Poland's finance minister to replace Beata Szydło as prime minister

Poland - Factors to Watch Dec 7

The Latest: Poland taps finance chief to be its new leader

The ruling party's spokeswoman Beata Mazurek has said that "it is not a secret that a proposal has appeared" for Deputy Prime Minister and Finance and Development Minister Mateusz Morawiecki to replace Szydło as prime minister, but she said the definitive decision on the matter "has yet to be made".

Polish Prime Minister Beata Szydlo has resigned, hours after surviving an opposition no-confidence motion.

On Thursday, party leaders were scheduled to hold a meeting over a government reshuffle. The meeting was expected to concern planned changes to the government, among other issues.

Mazurek said Szydlo, who had been prime minister since elections brought PiS to power in 2015, resigned shortly before Morawiecki's appointment.

Poland's ruling conservatives named in an expected move Finance Minister Mateusz Morawiecki as the country's new prime minister on Thursday as they gear up for a series of elections in the coming years.

Though Szydlo's government is riding high in opinion polls, ruling Law and Justice head Jaroslaw Kaczynski is thought to be advocating a change.

She is expected to formally tender her resignation to PiS-allied President Andrzej Duda on Friday, while the PiS-controlled parliament could approve Morawiecki's new administration by Tuesday, according to media reports.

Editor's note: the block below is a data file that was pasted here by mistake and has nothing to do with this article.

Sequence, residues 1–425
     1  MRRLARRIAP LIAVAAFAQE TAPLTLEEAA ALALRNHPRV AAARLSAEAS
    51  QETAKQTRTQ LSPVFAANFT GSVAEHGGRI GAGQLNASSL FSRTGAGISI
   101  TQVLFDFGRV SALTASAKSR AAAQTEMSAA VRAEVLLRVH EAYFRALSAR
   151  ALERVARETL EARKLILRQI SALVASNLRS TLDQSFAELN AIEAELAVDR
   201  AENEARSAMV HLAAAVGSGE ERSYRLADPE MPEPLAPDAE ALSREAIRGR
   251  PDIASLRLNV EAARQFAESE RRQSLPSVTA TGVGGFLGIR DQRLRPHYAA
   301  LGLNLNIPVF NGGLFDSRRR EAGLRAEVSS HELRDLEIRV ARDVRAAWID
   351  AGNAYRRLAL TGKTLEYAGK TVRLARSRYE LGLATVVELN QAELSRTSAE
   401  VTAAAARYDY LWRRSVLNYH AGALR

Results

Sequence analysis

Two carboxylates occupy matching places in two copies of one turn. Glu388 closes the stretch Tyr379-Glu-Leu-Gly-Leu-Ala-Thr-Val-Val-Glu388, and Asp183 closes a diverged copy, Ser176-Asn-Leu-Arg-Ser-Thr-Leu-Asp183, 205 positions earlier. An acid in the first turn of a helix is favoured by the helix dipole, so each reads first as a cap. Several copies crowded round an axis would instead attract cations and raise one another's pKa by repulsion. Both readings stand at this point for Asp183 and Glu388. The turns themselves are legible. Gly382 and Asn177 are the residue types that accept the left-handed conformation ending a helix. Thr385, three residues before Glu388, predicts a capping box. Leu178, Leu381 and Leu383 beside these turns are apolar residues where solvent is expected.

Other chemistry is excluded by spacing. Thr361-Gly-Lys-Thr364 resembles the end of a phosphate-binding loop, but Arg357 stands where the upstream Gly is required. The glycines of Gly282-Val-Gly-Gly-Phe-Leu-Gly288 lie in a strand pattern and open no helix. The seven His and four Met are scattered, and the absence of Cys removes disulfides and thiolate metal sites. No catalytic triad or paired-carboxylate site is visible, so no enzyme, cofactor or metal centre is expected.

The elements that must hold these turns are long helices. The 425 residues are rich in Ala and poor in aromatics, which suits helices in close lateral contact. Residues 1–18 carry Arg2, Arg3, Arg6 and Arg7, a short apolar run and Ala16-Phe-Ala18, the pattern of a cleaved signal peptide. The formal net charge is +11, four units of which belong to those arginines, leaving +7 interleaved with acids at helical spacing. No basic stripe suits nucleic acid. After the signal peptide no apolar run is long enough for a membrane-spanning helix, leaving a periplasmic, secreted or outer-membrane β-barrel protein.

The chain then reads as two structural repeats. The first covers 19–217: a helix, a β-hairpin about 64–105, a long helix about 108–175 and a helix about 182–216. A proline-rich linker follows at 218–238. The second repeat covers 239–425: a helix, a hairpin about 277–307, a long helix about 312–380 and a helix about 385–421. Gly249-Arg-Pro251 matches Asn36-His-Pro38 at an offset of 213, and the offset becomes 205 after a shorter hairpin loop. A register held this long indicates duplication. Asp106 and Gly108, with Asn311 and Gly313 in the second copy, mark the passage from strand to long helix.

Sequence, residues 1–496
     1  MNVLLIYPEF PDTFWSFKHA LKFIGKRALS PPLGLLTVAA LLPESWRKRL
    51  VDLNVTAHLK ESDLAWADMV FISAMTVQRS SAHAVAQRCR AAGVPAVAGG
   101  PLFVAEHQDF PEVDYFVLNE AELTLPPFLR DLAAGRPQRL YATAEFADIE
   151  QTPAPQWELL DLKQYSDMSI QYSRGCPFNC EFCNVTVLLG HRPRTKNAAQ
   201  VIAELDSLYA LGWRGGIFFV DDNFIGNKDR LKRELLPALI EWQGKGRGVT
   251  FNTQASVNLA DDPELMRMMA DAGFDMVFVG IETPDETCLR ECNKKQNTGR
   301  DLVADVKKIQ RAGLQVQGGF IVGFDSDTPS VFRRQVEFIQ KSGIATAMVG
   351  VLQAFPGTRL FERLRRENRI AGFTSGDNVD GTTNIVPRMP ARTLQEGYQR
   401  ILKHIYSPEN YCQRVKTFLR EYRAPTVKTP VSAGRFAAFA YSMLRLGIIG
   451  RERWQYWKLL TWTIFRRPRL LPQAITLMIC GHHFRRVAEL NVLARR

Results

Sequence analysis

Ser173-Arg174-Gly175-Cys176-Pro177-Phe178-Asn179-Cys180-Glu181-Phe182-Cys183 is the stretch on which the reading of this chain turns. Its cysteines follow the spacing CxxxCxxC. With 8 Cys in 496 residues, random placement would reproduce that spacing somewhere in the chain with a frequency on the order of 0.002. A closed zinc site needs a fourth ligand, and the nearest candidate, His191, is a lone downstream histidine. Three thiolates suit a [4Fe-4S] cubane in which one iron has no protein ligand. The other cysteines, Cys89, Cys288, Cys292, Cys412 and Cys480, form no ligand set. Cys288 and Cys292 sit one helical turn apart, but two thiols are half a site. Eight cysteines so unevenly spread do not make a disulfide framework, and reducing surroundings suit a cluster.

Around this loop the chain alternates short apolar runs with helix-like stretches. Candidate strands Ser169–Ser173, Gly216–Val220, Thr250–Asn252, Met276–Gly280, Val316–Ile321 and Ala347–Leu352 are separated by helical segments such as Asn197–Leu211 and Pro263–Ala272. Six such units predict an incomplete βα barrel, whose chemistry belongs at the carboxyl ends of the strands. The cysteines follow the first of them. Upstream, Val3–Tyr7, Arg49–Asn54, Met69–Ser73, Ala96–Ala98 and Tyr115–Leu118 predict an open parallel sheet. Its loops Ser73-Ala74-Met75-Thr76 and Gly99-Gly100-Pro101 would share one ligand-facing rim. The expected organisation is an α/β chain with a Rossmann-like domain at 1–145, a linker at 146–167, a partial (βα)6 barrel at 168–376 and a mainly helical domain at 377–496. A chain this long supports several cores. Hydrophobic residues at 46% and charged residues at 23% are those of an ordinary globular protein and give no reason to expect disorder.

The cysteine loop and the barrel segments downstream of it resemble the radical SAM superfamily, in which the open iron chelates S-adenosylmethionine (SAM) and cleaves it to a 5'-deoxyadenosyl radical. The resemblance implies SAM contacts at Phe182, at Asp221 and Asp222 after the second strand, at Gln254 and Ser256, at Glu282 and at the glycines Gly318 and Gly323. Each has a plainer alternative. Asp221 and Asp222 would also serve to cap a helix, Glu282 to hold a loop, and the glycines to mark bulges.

Despite the criticism from overseas, Szydlo's eurosceptic government, in power for two years, was one of the most popular in Poland since the 1989 collapse of communism, largely due to low unemployment, increases in public spending and a focus on traditional Catholic values in public life.

The name of a new Polish prime minister will be disclosed on Thursday, the deputy Speaker of the lower house of Poland's parliament has said.

She noted that Szydlo will be offered an important position in the new government, without giving further details.

But it remains to be seen whether Poland, once a champion of democratic changes after the fall of Communism and now at loggerheads with the European Union over sweeping changes to state institutions, which critics say have subverted democracy and the rule of law, will change its relations with Brussels. Szydlo, however, is at the center of speculation that she and some of her ministers will be replaced in a government reshuffle in the near future.

The government shuffle comes ahead of parliamentary votes on Friday on two controversial laws that would give the government far-reaching powers over the judicial system.

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